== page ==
Feature Articles

More Good News About Vitamin D:

It's Great For Your Heart Too!

For the last few years vitamin D has been in the news due to the fact that researchers around the world have discovered that a sizeable percentage of adults and children around the globe suffer from vitamin deficiencies and because of the vitamin's surprising health benefits for preventing a variety of disease conditions.

Since it was first discovered in the early 1900s, vitamin D has been known to be essential for healthy bones and the prevention of rickets and osteomalacia, the adult from of rickets. Both diseases are characterized by bone deformities caused by an unhealthy softening of the bones that results in them becoming excessively flexible and brittle.

Until the late 1970s, most health professionals believed that vitamin D deficiencies were rare, due to the decline in cases of rickets and osteomalacia worldwide. More recent research, however, has shown this assumption is not only wrong, but that other serious diseases can also be triggered by a lack of vitamin D in the human body. In addition, researchers now realize that vitamin D isn't a vitamin at all. In fact, it is a prohormone substance that is produced in the body following exposure to ultraviolet solar radiation from the sun. It is then converted by the liver and kidneys into an active hormone that provides a variety of important health benefits.

In the past two decades, researchers from around the world have begun taking another look at vitamin D. Among their most interesting discoveries is the fact that every cell and tissue in the human body has a receptor site for vitamin D. What this means is that all of your bodies cells and tissues recognize and respond to vitamin D. More importantly, these same cells and tissues have a wide variety of genes that vitamin D regulate. When vitamin D deficiencies occur, over time many of these genes will no longer function properly. One such result of this lack of proper regulation is that the genes that control normal cell growth start to malfunction, leading to uncontrolled cell growth, a primary hallmark of cancer. It's because vitamin D is able to prevent uncontrolled cell growth from happening that researchers today now recognize vitamin D as an important anti-cancer agent. Today, researchers know that vitamin D helps to reduce the risk of various types of cancer, including breast, colon, ovarian and prostate cancer.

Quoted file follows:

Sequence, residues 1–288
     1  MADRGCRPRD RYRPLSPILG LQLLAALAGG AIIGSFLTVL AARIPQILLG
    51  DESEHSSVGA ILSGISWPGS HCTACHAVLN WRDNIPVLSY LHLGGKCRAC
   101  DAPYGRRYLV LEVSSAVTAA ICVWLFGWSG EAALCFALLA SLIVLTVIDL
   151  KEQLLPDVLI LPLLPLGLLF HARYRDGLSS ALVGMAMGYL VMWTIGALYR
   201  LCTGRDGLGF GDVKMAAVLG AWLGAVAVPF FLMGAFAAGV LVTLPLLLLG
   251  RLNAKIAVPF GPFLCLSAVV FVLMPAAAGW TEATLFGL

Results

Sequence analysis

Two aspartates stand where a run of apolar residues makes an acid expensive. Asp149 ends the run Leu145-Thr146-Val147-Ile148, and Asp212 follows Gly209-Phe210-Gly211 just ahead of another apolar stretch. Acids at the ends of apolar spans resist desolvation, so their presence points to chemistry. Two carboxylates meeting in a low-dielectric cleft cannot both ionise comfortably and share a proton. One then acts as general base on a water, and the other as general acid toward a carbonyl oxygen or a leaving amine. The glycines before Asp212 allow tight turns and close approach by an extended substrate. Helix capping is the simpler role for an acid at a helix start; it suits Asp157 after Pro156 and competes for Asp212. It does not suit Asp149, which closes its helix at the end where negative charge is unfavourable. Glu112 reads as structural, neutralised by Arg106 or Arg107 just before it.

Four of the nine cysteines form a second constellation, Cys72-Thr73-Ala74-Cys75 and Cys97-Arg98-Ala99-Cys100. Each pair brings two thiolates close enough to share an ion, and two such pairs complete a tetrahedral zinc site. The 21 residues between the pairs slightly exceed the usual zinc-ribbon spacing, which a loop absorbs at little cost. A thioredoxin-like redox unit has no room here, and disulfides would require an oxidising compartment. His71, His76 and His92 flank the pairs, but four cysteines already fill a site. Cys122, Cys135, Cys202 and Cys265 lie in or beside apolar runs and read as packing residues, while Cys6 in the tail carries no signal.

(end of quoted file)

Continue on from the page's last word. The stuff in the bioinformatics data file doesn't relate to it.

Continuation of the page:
In addition to these types of cancer, researchers now know that vitamin D can significantly reduce the risk of other diseases, including multiple sclerosis (MS), skin disorders such as psoriasis, type I and type II diabetes, rheumatoid arthritis, and various upper respiratory conditions (including asthma), obesity, and tuberculosis (TB).

And Vitamin D Also Helps To Prevent Heart Attacks and Stroke!

Just as your body's cells and tissues have vitamin D receptor sites, so too do your blood vessels. This fact means it is not surprising that vitamin D improves the ability of the heart muscle to contract, making overall cardiovascular function more efficient. Recent research has also shown that vitamin D also helps to prevent and reverse inflammation in the blood vessels, thereby protecting against atherosclerosis (hardening of the arteries), the risk of which is greatly increased by inflammation. There is also scientific evidence that vitamin D helps to maintain proper blood pressure levels due to its ability to regulate rennin, a hormone that influences blood pressure.

Taken together, the above benefits of vitamin D suggest that it plays an important role in healthy heart function. This fact was confirmed by research conducted by scientists at Harvard Medical School. Led by Dr. Thomas J. Wang, the Harvard researchers studied more than 1700 men and women with a median age of 59. At the beginning of the study, none of the participants suffered from cardiovascular disease. They were then studied for an average of 5.4 years.

According to Dr. Wang, the Harvard study showed that vitamin D deficiency is clearly associated with an increased risk of heart disease "above and beyond established cardiovascular risk factors," especially in men and women already suffering from high blood pressure.

Dr. Wang and his fellow researchers found that men and women whose blood levels of vitamin D were below 15 nanograms per milliter (15 ng/mL) had twice the risk for heart attack, heart failure, stroke, and other types of heart disease over a subsequent five year period, compared to men and women with higher blood levels of vitamin D. Moreover, when other cardiovascular risk factors such as high cholesterol, high blood pressure, and diabetes were taken into account and adjusted for, the risk for heart disease occurring in men and women with low blood levels of vitamin D was still 62 percent higher than for that or people with the same traditional risk factors who had higher blood levels of vitamin D.